BARCELONA: The big beasts of the telecom industry kicked off their most important annual get-together in Barcelona on Monday, promising to lead a “tsunami of innovation” as they try to shrug off a major slump across the technology sector.
Some 80,000 delegates are expected at the four-day Mobile World Congress (MWC), which is back to near full strength following years of pandemic-related disruption.
Industrial titans like Huawei, Nokia and Samsung are set to showcase their latest innovations, flanked by smartphone makers like Oppo and Xiaomi and network operators like Orange, Verizon and China Mobile.
“We are at the doors of a new change of era driven by the intersection of Telco, Computing, Artificial Intelligence and Web3,” said Jose Maria Alvarez-Pallete, boss of Spanish operator Telefonica and current chairman of industry body GSMA, which organizes the Barcelona event.
He promised that the telecoms industry would be at the forefront of a “tsunami of innovation,” adding: “Without telcos there is no digital future.”
But many of the firms are more concerned with finding a path back to profit as the global economy stutters and technology firms slash thousands of jobs.
In the first clear sign that the ills of the wider tech sector are reaching telecoms, equipment maker Ericsson announced 8,500 layoffs last week.
Overall sales of smartphones last year slumped by 11.3 percent compared with 2021, according to the IDC consultancy.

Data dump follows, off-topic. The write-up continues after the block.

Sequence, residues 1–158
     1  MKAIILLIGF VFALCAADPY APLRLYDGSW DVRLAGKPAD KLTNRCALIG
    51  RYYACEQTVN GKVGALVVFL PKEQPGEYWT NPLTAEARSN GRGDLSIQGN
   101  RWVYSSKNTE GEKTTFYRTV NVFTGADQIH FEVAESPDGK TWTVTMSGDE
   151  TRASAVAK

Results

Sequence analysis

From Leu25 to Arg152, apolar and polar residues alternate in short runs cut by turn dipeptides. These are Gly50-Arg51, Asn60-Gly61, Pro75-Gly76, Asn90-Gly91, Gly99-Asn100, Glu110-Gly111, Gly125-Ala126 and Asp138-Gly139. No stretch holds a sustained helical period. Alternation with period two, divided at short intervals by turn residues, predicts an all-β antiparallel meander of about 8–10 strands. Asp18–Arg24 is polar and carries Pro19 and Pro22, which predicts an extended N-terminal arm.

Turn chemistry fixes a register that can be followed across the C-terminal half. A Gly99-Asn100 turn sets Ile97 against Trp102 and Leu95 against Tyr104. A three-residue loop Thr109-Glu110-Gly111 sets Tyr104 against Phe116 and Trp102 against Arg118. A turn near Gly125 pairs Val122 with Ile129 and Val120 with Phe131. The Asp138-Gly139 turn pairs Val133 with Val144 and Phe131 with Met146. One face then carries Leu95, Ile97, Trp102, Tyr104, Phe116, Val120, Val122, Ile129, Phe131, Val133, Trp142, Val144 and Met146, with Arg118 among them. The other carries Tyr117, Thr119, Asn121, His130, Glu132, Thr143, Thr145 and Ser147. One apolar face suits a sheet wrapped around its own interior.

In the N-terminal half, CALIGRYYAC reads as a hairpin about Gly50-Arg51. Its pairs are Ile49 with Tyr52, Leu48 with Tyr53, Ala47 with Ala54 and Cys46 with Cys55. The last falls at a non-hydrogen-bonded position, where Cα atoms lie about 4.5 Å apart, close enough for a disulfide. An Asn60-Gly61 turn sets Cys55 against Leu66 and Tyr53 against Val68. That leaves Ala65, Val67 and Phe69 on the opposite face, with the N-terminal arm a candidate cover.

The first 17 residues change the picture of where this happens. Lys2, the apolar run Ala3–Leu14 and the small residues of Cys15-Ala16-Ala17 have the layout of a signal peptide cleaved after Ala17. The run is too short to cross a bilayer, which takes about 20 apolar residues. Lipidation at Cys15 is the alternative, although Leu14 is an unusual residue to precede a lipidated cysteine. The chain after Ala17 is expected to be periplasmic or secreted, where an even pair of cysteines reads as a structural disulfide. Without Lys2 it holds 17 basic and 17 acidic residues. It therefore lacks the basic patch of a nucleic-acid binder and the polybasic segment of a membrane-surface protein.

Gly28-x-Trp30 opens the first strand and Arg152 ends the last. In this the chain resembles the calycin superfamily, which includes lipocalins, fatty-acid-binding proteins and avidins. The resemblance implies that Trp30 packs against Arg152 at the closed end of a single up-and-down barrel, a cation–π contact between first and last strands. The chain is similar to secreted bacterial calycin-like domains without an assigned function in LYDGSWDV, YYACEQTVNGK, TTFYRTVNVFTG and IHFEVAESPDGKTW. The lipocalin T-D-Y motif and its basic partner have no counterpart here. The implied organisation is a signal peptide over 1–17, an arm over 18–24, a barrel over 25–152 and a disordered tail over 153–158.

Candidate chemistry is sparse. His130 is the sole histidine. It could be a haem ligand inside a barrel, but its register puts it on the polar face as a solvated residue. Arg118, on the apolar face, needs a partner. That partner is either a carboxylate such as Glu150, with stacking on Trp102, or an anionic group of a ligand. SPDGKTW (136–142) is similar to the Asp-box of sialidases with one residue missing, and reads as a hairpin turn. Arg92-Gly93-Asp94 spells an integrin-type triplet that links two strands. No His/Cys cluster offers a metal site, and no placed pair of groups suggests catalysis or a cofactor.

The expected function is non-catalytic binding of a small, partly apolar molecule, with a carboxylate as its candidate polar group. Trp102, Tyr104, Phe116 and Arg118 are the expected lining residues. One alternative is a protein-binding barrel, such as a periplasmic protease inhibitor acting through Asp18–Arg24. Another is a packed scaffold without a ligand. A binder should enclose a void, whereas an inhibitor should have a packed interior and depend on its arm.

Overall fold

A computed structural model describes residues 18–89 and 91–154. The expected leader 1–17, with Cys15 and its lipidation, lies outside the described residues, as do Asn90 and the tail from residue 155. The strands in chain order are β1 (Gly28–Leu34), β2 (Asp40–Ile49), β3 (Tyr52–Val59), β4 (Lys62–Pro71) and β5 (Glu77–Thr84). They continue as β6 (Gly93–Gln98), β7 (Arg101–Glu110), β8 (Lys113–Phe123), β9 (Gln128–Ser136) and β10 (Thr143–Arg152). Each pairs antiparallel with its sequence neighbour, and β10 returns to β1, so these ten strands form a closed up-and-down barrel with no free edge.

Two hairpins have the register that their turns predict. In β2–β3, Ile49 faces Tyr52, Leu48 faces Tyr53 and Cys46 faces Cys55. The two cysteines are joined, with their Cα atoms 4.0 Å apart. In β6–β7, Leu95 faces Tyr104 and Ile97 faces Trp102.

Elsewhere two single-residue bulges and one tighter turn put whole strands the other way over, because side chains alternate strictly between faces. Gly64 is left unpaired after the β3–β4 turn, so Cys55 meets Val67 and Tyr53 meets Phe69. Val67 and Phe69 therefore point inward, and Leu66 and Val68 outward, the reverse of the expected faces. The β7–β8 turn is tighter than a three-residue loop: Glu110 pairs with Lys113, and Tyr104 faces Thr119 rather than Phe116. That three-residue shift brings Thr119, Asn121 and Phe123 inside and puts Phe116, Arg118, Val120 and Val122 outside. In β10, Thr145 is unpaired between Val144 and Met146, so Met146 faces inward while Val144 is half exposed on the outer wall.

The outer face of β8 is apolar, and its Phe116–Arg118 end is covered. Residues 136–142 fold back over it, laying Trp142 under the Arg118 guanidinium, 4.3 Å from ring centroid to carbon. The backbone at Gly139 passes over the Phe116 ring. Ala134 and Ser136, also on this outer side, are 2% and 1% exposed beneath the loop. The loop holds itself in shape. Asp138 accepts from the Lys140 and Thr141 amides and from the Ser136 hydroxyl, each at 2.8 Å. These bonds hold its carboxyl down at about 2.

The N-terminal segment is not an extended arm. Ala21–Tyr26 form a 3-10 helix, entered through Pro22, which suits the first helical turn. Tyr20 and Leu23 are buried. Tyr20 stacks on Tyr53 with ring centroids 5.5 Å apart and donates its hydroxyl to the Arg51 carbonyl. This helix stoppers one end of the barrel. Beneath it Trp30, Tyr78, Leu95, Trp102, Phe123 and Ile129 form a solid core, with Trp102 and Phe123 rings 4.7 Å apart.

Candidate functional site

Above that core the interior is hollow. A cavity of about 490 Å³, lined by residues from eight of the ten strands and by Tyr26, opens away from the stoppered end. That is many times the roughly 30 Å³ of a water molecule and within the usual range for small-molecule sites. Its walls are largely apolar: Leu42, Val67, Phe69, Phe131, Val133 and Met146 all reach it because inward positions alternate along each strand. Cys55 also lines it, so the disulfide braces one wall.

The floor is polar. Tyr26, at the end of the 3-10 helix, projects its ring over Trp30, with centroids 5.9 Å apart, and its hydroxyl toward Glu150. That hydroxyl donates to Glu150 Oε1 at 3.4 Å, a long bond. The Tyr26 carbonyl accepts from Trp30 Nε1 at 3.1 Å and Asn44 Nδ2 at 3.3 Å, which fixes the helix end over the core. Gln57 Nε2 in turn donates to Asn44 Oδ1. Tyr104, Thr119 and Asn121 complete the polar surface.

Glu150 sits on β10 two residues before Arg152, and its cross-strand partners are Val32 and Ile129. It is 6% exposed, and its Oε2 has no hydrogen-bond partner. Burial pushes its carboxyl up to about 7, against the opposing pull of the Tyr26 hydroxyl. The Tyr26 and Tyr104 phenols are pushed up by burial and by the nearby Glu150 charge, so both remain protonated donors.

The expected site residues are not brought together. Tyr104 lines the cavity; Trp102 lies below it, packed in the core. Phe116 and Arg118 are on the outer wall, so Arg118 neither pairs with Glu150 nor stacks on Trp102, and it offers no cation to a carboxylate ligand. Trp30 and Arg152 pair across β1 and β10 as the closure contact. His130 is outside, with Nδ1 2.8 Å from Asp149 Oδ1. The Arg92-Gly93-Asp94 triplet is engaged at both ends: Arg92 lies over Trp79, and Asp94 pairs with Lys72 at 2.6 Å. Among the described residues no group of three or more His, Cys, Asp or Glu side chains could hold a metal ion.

Research firm Gartner reckons sales of smartphones, tablets and computers will fall again by four percent this year.
And network operators are still struggling to make 5G pay, years after they spent billions in government auctions for the right to use the bandwidth.
A hugely popular idea for many at the show is to get the owners of bandwidth-hungry platforms like YouTube, Netflix and Facebook to pay network operators a “fair share.”
The issue dominated the first day of the MWC, with Christel Heydemann, boss of French operator Orange, making a direct plea for a “European framework” to fix the “unsustainable situation.”
She argued that the five largest users — which she did not identify — accounted for 55 percent of daily traffic on European networks, costing telecoms firms 15 billion euros ($16 billion) a year.
Heydemann welcomed a public consultation launched by EU commissioner Thierry Breton last week, who appeared to give his support to the idea of compensation.
But Breton spent the day at MWC trying to calm the controversy, arguing in a speech that it was not a “binary choice” between telecoms and big tech, a point he later reiterated to the media.
“It is not about whether one vested interest should prevail over another,” he told reporters. “It is about achieving the giant leap for connectivity ahead of us.”
Breton’s Twitter feed later confirmed that he had spent time with Netflix boss Greg Peters, whose firm would stand to lose out from the fair share proposal.
Huawei center stage
The organizers are trumpeting the return of Chinese delegates as a vital boon to the event.
Chinese firms heavily sponsor the MWC, and Huawei is once again getting pride of place, this time hosting the biggest dedicated pavilion in the event’s decades-long history.
The Chinese tech giant was the second-biggest smartphone maker in the world in 2020 but retreated after US regulators accused it of being controlled by Beijing.
The firm is now under pressure in Europe, where Breton and other commissioners are pushing for its equipment to be removed from 5G network infrastructure.
Huawei boss Eric Xu said before the event he would use the MWC to display products that would “help carriers meet evolving demand and unleash more opportunities for new growth.”
In total, GSMA said the four-day show would host almost 750 operators and manufacturers and 2,000 exhibitors.